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Geoscientist employment opportunities continue improvement despite June quarter slowdown

Australian Geoscientist Employment Survey June 2019

Employment opportunities for Australia’s geoscientists continued to show a very slowl-improving trend, despite disappoini.ng results for the second quarter (April to June). 

The second quarter setback saw unemployment rise from 7.5% at the end of March, to 9.3% at the end of June.On the other hand, underemployment amongst self-employed geoscientists fell from 20.5% to 14.9% for the same period.  The underemployment figure represents the proportion of self-employed geoscientists unable to secure more than one quarter of their desired workload.

The survey was completed by 734 respondents nationally.  Some 66% of respondents worked or sought work in mineral exploration.  A further 18% worked in metalliferous mining, while 5% of respondents worked or sought work in energy resource exploration and production.

Half of Australia’s geoscientists who are currently unemployed have been without work for more than 12 months.  A similar proportion sees little prospect of regaining employment in their field in the year ahead.  Almost one in ten unemployed geoscientists are looking to leave the profession, seeking more stable employment.

“The depressed employment prospects for geoscientists are a surprise given mineral exploration expenditure rose during the June quarter according to Australian Bureau of Statistics figures released last week although mineral exploration drilling declined,” AIG President, Andrew Waltho said. 

“There is little doubt that junior exploration and mining companies especially are experiencing difficulty raising capital to fund new exploration and producers are having to deal with considerable uncertainty and price volatility, at least partly due to trade tensions between the USA and China” Mr Waltho said.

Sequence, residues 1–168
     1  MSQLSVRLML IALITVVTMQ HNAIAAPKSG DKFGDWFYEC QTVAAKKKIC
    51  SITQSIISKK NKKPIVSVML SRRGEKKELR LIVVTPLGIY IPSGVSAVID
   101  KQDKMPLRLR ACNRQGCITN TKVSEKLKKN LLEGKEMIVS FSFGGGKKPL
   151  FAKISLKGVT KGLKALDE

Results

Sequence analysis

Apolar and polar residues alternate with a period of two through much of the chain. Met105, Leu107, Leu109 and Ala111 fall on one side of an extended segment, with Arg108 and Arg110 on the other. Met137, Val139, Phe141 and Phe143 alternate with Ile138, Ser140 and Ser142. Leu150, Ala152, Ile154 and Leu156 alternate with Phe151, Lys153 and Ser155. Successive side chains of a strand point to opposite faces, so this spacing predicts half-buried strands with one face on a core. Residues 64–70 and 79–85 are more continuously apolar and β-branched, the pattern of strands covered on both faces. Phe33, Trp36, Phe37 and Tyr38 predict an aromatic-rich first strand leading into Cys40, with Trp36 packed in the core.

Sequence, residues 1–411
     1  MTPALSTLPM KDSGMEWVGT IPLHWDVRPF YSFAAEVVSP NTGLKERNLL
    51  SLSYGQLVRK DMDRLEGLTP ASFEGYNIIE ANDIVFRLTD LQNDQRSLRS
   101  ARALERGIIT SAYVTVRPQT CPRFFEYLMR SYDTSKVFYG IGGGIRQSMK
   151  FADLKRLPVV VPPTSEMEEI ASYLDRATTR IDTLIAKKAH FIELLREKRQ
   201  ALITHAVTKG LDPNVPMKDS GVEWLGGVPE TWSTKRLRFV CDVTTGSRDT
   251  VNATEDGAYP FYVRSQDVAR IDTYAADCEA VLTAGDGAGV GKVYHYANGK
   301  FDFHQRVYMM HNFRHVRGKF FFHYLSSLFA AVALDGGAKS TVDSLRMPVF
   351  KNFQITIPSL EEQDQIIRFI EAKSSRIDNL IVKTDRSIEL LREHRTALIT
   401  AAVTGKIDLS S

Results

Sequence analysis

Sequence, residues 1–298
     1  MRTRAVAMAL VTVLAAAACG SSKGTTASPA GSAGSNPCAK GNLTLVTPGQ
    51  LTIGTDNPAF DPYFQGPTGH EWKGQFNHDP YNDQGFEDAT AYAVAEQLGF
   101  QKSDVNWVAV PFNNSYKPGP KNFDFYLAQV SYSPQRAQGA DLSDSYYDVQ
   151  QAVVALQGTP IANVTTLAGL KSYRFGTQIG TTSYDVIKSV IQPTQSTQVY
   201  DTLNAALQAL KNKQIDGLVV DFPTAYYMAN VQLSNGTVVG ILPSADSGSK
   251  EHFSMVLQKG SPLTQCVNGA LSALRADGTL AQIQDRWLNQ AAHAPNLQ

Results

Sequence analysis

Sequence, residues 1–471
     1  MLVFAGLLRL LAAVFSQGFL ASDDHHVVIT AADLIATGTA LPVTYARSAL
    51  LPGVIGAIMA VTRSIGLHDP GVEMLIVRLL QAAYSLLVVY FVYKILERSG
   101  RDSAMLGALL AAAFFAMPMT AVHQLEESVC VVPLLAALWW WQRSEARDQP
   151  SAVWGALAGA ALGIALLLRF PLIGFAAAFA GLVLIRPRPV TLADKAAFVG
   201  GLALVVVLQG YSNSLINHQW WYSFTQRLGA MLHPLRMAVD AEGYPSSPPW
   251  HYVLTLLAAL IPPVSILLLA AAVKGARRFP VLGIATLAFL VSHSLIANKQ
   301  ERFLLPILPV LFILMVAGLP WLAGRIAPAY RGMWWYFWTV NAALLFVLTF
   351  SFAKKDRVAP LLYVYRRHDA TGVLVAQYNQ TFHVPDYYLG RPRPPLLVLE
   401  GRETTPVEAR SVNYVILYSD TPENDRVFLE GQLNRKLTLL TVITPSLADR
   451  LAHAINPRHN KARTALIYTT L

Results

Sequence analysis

“The increase in work secured by self-employed geoscientists is most welcome, especially in light of the sharp increase in under-employment observed in the previous survey,” Mr Waltho said.

“Long term unemployment is the big issue in these figures.  Half of Australia’s unemployed geoscientists have been without work for 12 months or more, and a similar number see no new opportunities on the horizon,” he said.

“Professional institutes, including AIG, are doing whatever we can to help members remain in touch with their colleagues and peers and maintain their skills, but it’s pretty hard to remain motivated when industry conditions appear to be stagnant,” Mr Waltho said.

The employment situation varied significantly between states in the latest survey results.

The lowest levels of both unemployment and under-employment were recorded in Western Australia.  Unemployment amongst professional geoscientists fell from 8.5% at the end of March to 7.8% at the end of June, while under-employment fell from 17.6% to 11.0% for the same period.

Victoria recorded the largest fall in the unemployment rate, from 11.8% at the end of March to 5.9% in June.  Under-employment in Victoria also fell from 17.6% at the end of March to 14.7% at the end of June.